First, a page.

That smell in the air? It’s the scent of footballs whizzing through the air at a rapid rate. It may still be warm outside but football season is fast upon us. And what better way to celebrate than reading the latest gridiron-related publications out this year? Here are the latest books on our shelves, ready for you to punt over the circulation desk and into your home:
Our latest Book Trailer of the Week is this must-see clip for Penny Marshall’s new memoir My Mother Was Nuts. A virtual lock for a 2012 Moby Award, the clever spot features SNL and Portlandia star Fred Armisen impersonating the long-time actress and director to hilarious effect. Don’t miss the “lotion” bit, and after you’ve shared the fun with friends, don’t forget to check out Marshall’s book as well. Honest, poignant, and funny, her down-to-earth reflections on Hollywood life and close friendships with John Belushi, Carrie Fisher, and Art Garfunkel make for a fascinating read indeed. Enjoy!
The great writer/traveler and WW II hero Patrick Leigh Fermor died on June 10 in England. Fermor’s best known books, A Time of Gifts and Between the Woods and the Water, recounted his travels by foot from England to the Balkans just before World War II. During World War II, he and a friend hatched a plot to kidnap a German commander on Crete, a feat that was made into the movie Ill Met by Moonlight starring Dirk Bogarde. For more on Fermor, see The Wall Street Journal and The Guardian newspapers.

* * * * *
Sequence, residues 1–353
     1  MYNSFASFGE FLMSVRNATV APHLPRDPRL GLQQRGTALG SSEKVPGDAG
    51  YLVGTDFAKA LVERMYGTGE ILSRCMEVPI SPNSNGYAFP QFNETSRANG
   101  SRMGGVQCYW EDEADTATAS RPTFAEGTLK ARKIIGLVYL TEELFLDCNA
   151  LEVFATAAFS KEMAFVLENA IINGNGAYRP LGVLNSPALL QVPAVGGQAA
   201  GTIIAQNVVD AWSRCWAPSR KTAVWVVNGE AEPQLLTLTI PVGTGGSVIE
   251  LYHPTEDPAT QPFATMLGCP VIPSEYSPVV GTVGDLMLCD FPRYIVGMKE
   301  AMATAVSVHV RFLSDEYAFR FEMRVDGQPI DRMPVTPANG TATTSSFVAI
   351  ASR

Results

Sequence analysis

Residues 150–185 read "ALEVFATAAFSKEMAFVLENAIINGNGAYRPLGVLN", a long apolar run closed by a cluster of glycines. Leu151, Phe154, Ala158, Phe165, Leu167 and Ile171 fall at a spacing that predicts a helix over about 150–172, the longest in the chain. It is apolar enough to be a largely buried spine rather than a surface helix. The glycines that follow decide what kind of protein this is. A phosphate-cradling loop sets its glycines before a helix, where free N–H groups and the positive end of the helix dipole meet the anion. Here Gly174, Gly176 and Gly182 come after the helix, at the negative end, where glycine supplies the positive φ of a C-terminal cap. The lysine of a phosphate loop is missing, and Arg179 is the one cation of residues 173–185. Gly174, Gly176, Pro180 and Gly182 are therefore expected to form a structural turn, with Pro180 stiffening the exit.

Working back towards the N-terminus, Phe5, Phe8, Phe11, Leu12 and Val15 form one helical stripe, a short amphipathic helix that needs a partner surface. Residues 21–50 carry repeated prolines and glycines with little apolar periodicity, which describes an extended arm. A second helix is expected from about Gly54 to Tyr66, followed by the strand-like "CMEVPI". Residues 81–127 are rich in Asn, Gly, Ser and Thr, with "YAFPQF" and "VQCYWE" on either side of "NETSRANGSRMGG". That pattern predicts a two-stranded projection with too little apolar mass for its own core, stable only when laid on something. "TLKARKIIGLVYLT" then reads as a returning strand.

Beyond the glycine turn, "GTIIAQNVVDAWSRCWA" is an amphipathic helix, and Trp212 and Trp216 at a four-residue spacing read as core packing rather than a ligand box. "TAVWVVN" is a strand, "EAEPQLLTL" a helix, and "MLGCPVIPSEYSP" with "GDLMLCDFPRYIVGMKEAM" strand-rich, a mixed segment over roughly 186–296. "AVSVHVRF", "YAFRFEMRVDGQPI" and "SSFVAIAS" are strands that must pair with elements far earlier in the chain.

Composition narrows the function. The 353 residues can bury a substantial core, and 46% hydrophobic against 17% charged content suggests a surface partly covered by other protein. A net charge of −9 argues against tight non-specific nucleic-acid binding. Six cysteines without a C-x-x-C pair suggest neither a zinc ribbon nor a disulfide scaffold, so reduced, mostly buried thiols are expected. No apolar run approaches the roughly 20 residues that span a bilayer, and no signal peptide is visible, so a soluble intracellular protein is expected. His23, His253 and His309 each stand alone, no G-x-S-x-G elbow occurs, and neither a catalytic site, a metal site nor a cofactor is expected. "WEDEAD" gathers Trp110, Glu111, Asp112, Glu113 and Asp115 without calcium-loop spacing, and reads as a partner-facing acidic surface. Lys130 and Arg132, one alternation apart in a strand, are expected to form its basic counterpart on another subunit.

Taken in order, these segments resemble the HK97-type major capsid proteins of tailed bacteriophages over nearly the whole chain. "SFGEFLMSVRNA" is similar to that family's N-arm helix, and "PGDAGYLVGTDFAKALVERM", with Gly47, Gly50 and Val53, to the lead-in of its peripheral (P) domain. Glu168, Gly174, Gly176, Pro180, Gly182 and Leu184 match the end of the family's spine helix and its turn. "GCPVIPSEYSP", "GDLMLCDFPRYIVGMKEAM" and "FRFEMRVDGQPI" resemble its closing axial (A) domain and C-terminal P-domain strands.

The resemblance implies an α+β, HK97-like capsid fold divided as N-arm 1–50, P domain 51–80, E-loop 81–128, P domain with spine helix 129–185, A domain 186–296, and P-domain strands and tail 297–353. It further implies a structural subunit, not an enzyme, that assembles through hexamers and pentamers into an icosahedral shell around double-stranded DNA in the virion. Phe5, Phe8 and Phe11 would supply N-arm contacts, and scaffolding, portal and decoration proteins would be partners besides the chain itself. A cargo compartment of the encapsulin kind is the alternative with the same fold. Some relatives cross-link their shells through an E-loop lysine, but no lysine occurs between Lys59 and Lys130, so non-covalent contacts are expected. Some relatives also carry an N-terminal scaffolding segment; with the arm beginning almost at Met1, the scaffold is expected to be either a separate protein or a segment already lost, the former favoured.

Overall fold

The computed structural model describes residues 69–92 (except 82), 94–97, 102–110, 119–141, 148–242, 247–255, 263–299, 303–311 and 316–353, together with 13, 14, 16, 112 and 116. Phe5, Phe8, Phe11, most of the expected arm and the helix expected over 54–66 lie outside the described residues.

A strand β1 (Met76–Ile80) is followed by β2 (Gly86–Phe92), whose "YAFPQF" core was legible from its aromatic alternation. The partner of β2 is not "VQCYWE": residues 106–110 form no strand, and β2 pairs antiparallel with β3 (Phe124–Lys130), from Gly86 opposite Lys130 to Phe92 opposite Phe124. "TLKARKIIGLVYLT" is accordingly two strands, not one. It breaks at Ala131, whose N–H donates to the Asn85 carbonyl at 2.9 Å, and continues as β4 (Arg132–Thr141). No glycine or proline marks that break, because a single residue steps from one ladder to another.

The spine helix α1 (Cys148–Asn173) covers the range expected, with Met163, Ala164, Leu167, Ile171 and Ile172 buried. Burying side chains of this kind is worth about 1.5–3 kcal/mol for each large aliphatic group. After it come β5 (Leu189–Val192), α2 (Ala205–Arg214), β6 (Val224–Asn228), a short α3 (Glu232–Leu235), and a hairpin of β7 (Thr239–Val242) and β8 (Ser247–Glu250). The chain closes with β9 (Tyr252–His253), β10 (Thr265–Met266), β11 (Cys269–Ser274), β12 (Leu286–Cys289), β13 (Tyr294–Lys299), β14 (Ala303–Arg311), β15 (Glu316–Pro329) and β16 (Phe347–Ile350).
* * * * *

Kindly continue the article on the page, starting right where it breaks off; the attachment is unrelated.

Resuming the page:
Mary B., Reader’s Services
Eva Gabrielsson, Stieg’s longtime companion, is attempting to fill the knowledge gap about Larsson’s life. On June 21, her memoir, There Are Things I Want You to Know About Stieg Larsson and Me, will be available as an audiobook. The work will touch on his personal relationships and his efforts to expose Swedish neo-Nazis, among other topics. Click on the above link to access an audio excerpt. (It will also be out in hardcover and Kindle.)
Kenneth Green rose from Chicago’s tough Humboldt Park neighborhood to find success as an L.A. lawyer and UCLA paralegal instructor. In his memoir I’m From Division Street, Green looks back at his turbulent boyhood in search of how his Humboldt Park community gave him the “grit and motivation to succeed in life” just as it did for author Saul Bellow, director Ben Hecht, reporter Art Petaque, and bandleader Benny Goodman. On Tuesday, May 3rd, you can hear Mr. Green read from I’m From Division Street when he visits EPL’s 1st Floor Community Meeting Room at 7 p.m. In anticipation of his visit, we recently spoke with him via telephone about his inspiration for writing his memoir, the differences between Chicago and L.A., the similarities between boxers and lawyers, and how often he makes it back to Division Street.